Now that autumn is in the air, summertime recreational activities such as camping, going to the lake or beach, volleyball, and surfing begin to take a back seat and we look to focus on more prosai ...View Article
You are using an outdated browser. Please upgrade your browser to improve your experience.
|Addressing the Cause|
One of the most important things you can do if you suffer from asthma and allergies, is to avoid common allergy triggers such as dairy products, corn, soy, peanuts, shellfish, eggs, sugar and gluten. People can be allergic to most any food, and it is often foods that they eat most often and crave that are the culprits.
Some people benefit from following an elimination diet which eliminates all the common allergens (and suspected allergens) from the diet for a specific amount of time. Usually after a short "detox" period during which time symptoms worsen temporarily, the person begins to feel better than they have in a very long time, or perhaps ever.
Then they slowly begin adding back one suspected allergen at a time (usually beginning with foods that are least suspected of being the problem to the most) noting any increase of symptoms. This allows the person to determine which foods cause or contribute to their allergies.
Because gluten sensitivity is so prevalent today, many people simply eliminate gluten in all its forms, and find that is sufficient to alleviate their symptoms. Eating gluten free is easier than ever with many gluten-free products being carried in most grocery stores, and an internet filled with recipes and advice.
Another very important factor in lowering your toxic load and reducing hypersensitivites is to avoid all fragrances (including those in personal care products like shampoo and conditioner,) laundry detergents, dryer sheets, and toxic cleaning chemicals. Opt for fragrance free products, and clean with baking soda and vinegar instead.
Asthma and allergies are big business. Approximately 20 million Americans suffer from asthma, and approximately 50 million suffer from allergies. Taking into consideration the overlap between these two conditions, more than 60 million Americans suffer from either asthma, allergies, or both.
In total, the costs for medications, emergency room visits, hospital admissions, and the loss of business productivity are huge - reaching upwards of $18 billion annually.1 Additionally, the negative impact on children is ongoing and significant, resulting in 14 million school days that are missed annually due to asthma and allergies. These two disorders are the number one reason for school absenteeism.2
Conventional treatment of allergies and asthma relies upon a variety of medications, and if you suffer from one of these disorders, you know all about the meds. The medications typically used to treat allergies include corticosteroid nasal sprays, and antihistamines. Allergy patients may also undergo immunotherapy, receiving a course of desensitization injections that are given regularly over a number of years.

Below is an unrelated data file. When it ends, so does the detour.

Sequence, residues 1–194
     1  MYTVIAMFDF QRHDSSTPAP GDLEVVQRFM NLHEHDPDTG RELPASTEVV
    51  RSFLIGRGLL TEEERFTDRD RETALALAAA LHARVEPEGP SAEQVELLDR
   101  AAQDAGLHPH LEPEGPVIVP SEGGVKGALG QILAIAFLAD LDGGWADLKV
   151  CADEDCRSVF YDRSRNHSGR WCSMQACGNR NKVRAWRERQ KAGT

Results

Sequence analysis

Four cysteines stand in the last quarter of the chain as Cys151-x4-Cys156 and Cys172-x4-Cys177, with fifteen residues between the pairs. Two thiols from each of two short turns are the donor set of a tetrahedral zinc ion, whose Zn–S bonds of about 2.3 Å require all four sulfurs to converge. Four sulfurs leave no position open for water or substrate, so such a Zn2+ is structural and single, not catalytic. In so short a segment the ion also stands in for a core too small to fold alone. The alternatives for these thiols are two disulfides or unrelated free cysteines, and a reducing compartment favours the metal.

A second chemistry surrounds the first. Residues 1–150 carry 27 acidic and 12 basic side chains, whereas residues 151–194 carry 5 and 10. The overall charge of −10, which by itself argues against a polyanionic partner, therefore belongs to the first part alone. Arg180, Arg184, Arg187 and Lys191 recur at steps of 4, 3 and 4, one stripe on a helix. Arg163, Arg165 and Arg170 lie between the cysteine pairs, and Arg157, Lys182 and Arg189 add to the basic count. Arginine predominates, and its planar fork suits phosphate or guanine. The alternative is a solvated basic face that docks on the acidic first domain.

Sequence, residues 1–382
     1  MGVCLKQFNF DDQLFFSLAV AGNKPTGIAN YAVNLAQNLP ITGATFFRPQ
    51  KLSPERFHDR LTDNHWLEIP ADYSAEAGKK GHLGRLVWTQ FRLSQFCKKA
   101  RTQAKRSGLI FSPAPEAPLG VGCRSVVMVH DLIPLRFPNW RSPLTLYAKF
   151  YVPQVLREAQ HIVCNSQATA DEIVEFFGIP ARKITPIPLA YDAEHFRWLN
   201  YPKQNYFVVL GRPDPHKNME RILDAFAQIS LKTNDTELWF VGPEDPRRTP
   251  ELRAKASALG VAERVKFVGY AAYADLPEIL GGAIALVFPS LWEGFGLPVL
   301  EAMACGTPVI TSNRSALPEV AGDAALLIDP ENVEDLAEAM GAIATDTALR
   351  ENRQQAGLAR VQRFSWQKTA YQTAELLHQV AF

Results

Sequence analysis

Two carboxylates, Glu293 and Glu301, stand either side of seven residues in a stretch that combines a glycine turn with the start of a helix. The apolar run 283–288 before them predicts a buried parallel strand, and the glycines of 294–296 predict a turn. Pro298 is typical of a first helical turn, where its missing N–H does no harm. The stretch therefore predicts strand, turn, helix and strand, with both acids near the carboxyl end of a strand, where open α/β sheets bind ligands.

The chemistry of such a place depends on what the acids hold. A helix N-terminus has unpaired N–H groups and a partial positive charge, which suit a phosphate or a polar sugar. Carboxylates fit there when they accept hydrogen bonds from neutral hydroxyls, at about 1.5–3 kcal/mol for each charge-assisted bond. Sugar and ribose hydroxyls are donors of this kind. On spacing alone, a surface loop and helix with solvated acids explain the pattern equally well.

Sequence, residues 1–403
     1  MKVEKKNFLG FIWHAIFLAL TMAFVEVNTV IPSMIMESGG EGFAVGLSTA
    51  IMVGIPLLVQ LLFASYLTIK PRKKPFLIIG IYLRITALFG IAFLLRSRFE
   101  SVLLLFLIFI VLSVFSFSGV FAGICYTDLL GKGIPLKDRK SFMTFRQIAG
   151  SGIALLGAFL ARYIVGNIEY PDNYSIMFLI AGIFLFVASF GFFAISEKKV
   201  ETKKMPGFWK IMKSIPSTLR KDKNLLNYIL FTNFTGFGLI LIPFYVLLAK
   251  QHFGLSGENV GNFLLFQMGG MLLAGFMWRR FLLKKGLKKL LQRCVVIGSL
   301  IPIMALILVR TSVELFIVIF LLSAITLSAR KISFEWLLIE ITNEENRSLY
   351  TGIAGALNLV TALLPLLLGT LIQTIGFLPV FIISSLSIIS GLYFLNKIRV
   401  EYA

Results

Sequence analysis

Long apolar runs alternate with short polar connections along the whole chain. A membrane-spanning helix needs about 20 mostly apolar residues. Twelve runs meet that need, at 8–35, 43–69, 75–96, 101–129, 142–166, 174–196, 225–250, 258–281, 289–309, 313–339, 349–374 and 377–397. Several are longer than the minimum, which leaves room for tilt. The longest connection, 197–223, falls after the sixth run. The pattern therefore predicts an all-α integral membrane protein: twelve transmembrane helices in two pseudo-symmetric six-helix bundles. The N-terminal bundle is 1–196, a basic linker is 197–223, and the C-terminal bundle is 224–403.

For asthma, the gold standard of medication is inhaled corticosteroids. Asthma inhalers have become so commonplace that they even appear regularly as props in films and television series. It is not unusual to see a character on screen pull out an inhaler and take a quick dose during "challenging" moments and stressful situations.
One of the frustrations with asthma and allergy medication is that there is no end-point. As of now, there is really no cure, although some lucky people do seem to "grow out of it", and there have been some promising results from specialized breathing exercises in cases of mild asthma. Most of the time however, allergies and asthma continue to be an ongoing challenge that requires continuing medication. Is it possible that there could be an alternative solution?
"Alternative" is the key word. Conventional medical treatment typically focuses on addressing a patient's symptoms rather than the underlying cause. With allergies and asthma it's successful to some extent, though the downside is that these symptoms continue year after year, often worsening over time. Is there anything else that could be done?
Consider chiropractic care. The chiropractic health care approach is unique and comprehensive, offering positive benefits to a variety of ailments and conditions. In the case of "hypersensitivity conditions" such as asthma and allergies, chiropractic care can help to normalize the body's flow of nerve signals, thereby reducing symptoms. Chiropractic treatment can also help remove the blockages to the body's innate healing abilities. By correcting these imbalances, chiropractic treatment may help reduce hypersensitivity reactions.
Chiropractic care often includes nutritional counseling, which can be a critical component for people with asthma and allergies. Such individuals need to optimize their physical health as much as possible, and nutritional awareness can play an important role. A balanced diet can help support all metabolic systems, reduce chronic inflammation and irritation, and provide the energy necessary to participate in regular exercise.
The benefits of chiropractic care are wide-ranging, and may be very useful in cases of hypersensitivity disorders such as asthma and allergies.
1Weiss K: The costs of asthma. Asthma and Allergy Foundation, 1998 [updated 2001].
2The Condition of Education, National Center for Education Statistics, 2001.